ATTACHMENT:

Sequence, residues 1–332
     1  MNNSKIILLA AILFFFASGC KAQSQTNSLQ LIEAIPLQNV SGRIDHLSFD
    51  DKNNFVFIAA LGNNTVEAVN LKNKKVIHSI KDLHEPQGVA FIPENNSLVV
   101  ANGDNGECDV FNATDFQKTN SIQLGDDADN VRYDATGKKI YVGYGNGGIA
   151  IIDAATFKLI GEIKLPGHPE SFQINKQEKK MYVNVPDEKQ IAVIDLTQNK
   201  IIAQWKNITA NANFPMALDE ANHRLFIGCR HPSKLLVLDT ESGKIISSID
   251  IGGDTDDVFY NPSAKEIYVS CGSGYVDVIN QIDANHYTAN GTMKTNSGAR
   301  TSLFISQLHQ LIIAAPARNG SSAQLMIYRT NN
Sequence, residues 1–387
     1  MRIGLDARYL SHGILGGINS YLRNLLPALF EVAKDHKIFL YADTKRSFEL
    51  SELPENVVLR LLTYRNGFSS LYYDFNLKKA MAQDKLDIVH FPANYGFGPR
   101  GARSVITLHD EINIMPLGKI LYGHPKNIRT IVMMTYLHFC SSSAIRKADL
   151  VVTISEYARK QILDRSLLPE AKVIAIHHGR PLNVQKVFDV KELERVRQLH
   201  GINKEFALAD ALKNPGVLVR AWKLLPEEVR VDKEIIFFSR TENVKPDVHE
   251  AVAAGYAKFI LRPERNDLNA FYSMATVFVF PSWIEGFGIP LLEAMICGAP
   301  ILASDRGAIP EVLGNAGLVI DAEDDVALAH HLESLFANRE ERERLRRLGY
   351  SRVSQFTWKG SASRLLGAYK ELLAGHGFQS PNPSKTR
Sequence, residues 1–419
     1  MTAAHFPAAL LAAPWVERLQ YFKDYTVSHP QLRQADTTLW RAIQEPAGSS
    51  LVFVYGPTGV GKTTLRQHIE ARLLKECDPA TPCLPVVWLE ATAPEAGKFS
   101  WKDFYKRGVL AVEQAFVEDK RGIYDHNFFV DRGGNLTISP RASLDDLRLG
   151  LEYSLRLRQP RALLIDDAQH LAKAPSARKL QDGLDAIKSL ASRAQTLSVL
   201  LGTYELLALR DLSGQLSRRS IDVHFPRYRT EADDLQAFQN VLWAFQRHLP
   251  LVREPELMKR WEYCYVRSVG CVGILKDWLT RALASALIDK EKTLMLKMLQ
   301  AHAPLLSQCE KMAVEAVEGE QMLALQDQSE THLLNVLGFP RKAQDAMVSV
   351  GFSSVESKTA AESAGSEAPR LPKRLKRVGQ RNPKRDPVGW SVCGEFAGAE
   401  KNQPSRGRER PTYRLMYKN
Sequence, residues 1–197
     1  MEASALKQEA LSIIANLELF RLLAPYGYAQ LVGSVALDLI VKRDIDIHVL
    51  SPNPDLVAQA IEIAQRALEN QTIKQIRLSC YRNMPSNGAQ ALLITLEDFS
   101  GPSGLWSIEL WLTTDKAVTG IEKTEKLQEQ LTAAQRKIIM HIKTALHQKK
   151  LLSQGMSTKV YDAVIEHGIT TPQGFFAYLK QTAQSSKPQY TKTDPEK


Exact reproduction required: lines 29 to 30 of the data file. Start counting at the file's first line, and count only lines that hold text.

     1  MEASALKQEA LSIIANLELF RLLAPYGYAQ LVGSVALDLI VKRDIDIHVL
    51  SPNPDLVAQA IEIAQRALEN QTIKQIRLSC YRNMPSNGAQ ALLITLEDFS